It’s not uncommon for Buddhists to feel like their practice has stalled. Concentration wavers, awareness is lost, doubts arise, and the Buddha’s supreme freedom from samsara seems hopelessly unattainable. It can be an especially trying time if you’re a solitary practitioner lacking the guidance of a skilled meditation teacher. But it’s also an opportunity to straighten your views and re-affirm your refuge in the Triple Gem.
Newcomers to Buddhism are frequently told that Buddhism isn’t a religion. However, one must employ a very narrow misunderstanding of the word religion in order to exclude Buddhism. Ancient Buddhist doctrine is suggestive of a polytheistic religion. Deities and devotional rites remain an important fact of Buddhist life as far as many practitioners in the heartlands of modern day Asia are concerned…
One might reasonably expect the long history of scholarly endeavours to have shed some light on the Buddha’s life and teachings. Unfortunately, the evidence such as it exists is inconclusive and liable to provoke scepticism and hostility even among Buddhists. The historical Buddha remains an enigmatic figure and it raises a number of questions that need untangling and addressing…
The Noble Search sutta offers some excellent Dhamma lessons and also mentions a few incidents in the Buddha’s life that are found nowhere else in the Sutta Pitaka.
The Four Noble Truths sutta was the first teaching given by the Buddha after his awakening. In this teaching, the Buddha presented his enlightened understanding as a set of ennobling truths which not only diagnosed the human condition as ‘suffering’ but also prescribed a cure. On first hearing the Buddha’s diagnosis we might be tempted to object that it is overly pessimistic. Either the Buddha is mistaken or he’s a killjoy!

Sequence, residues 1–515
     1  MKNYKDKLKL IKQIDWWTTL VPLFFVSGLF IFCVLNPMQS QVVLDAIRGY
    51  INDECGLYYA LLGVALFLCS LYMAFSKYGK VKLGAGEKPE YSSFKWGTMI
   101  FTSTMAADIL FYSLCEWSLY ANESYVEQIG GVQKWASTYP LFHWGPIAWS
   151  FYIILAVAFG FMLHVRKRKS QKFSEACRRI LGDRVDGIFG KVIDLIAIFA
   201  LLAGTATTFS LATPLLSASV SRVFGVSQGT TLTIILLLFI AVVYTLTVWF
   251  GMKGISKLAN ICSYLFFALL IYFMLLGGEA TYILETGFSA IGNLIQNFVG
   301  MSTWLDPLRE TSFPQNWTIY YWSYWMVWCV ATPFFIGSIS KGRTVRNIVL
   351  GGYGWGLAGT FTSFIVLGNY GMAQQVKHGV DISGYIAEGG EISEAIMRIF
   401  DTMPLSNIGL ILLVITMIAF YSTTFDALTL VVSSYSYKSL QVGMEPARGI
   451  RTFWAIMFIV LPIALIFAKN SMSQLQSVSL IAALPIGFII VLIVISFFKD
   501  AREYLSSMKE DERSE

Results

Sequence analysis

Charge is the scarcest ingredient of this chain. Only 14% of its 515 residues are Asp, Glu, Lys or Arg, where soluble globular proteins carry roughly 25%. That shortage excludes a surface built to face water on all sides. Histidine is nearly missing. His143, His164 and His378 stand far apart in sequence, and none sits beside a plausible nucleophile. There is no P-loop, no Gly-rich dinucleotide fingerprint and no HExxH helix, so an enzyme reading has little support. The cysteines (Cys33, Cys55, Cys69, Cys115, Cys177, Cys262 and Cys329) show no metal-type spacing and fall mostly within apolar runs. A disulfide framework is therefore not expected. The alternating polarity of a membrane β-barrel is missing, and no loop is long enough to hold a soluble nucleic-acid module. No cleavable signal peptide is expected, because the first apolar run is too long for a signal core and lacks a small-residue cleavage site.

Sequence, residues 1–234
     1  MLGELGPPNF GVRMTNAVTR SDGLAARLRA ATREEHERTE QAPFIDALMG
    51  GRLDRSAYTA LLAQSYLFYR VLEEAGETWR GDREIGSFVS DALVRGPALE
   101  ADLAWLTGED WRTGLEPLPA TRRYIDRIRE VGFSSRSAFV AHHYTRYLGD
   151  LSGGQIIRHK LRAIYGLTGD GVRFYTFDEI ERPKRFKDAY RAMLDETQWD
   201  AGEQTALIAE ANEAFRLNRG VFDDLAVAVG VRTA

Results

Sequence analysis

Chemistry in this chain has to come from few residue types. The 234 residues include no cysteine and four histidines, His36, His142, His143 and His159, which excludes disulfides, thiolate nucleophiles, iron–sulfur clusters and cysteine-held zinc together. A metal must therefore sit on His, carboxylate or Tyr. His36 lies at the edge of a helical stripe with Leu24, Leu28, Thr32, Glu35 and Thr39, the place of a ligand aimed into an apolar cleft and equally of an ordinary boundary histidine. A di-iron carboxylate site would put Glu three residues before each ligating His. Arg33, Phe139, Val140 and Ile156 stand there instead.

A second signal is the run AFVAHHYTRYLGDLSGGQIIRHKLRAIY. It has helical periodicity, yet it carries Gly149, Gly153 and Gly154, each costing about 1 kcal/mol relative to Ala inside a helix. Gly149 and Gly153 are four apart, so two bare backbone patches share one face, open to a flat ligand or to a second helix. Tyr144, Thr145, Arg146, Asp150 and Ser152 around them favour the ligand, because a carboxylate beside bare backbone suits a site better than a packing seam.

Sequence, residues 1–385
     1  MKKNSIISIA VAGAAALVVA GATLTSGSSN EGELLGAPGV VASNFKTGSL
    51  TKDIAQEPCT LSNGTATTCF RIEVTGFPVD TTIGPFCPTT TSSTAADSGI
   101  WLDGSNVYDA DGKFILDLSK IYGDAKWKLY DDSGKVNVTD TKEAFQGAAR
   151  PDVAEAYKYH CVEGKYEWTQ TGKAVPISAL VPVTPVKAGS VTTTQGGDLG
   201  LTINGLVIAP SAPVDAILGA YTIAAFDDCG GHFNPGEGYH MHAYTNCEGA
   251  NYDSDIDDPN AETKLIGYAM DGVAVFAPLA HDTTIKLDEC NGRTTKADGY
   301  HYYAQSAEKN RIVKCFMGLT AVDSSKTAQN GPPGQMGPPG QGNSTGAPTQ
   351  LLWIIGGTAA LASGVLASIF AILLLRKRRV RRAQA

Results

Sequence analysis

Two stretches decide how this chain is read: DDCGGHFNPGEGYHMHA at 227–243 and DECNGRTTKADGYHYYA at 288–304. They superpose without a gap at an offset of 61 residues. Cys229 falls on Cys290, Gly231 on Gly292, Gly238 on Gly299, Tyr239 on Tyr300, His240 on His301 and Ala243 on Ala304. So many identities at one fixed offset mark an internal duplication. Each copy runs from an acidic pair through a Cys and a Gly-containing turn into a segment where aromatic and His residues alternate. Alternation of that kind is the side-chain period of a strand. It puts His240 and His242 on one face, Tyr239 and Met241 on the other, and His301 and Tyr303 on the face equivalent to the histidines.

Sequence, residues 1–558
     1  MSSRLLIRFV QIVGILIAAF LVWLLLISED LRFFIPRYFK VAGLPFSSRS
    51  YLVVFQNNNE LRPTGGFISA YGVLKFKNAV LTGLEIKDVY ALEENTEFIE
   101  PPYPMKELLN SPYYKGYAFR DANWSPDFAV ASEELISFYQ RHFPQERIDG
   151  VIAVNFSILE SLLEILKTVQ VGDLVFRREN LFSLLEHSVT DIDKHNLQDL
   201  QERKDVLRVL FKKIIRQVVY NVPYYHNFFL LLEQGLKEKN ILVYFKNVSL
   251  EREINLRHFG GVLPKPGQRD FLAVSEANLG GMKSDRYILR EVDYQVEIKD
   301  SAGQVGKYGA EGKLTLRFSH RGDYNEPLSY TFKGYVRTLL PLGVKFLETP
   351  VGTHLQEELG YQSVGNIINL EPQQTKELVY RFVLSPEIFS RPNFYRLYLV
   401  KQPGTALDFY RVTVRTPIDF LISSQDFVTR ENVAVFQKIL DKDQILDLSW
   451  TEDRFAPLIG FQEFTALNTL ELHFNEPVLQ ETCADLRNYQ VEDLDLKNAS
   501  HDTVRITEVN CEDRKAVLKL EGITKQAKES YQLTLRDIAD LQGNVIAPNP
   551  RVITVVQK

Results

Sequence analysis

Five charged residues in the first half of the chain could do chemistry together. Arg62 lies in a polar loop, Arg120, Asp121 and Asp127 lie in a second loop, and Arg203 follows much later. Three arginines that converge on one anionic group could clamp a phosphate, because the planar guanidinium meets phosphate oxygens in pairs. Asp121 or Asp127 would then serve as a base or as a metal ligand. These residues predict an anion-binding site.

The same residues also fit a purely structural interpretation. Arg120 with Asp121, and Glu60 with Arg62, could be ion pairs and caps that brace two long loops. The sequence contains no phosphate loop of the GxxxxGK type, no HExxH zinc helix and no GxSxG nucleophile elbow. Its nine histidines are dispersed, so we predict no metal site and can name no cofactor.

An Introductory Course on Early Buddhism
Compiled and published for free distribution
by Bro. Chan Khoon San
“The footsteps of the Buddha lead to a descent from the delusion of feeling ourselves to be at the controlling pinnacle and centre of the universe, to accepting the fact that we are simply no more than a grain of sand, a subsystem, a temporary and local autonomous mechanism that functions as part of a much bigger system, itself autonomous. This process of coming to terms with these immutable facts is the ‘spiritual path’.” – Dr Desmond Biddulph
“The journey of five thousand miles starts with a single step and so it is with the spiritual path… There are three stages: listening with the ear, reflecting in the heart and then putting into practice… We can obstruct, but if the obstructions are removed or dropped through following in the instructions of the Buddha then the heart unfolds according to its nature.” – Dr Desmond Biddulph
THERAVADA BUDDHISM IN A NUTSHELL
Adapted from a talk given during a November 1997 retreat at the Angela Center, Santa Rosa, California.